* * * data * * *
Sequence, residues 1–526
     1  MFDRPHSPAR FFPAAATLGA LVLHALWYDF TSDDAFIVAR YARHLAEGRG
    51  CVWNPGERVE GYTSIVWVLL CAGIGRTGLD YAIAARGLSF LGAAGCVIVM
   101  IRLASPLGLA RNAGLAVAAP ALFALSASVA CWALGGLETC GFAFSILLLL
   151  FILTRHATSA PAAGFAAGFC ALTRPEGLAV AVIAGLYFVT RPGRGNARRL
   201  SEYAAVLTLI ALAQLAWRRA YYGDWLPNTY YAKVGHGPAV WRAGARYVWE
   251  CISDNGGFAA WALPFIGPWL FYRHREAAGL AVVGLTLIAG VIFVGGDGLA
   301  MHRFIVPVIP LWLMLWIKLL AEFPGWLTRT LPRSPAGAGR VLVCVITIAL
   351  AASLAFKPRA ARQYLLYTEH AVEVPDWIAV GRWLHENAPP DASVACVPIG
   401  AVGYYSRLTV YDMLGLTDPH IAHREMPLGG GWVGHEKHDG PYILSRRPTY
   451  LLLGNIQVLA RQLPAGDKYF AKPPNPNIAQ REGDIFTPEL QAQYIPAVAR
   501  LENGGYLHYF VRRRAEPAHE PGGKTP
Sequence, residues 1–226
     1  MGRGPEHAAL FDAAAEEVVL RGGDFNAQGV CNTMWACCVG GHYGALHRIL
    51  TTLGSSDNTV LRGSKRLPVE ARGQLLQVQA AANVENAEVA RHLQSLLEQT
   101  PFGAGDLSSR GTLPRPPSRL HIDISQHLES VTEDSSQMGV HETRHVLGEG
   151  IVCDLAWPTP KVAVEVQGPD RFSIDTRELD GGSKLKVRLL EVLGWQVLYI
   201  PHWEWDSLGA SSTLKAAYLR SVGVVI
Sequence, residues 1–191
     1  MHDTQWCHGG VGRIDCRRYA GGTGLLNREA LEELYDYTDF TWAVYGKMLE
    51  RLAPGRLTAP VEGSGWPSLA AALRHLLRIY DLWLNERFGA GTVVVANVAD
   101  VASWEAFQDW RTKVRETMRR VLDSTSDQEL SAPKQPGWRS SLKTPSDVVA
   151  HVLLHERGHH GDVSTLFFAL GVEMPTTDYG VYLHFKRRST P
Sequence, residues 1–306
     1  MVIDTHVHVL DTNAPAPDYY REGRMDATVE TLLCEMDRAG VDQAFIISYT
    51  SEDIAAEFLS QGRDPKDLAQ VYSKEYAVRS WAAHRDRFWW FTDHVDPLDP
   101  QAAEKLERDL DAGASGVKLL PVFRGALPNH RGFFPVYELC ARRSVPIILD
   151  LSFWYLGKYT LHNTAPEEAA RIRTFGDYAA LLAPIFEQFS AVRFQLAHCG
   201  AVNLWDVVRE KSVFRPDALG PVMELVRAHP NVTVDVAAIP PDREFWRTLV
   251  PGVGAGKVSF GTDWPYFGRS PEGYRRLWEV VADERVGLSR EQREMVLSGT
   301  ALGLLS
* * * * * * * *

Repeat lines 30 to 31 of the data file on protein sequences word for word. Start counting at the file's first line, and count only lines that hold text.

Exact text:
   251  PGVGAGKVSF GTDWPYFGRS PEGYRRLWEV VADERVGLSR EQREMVLSGT
   301  ALGLLS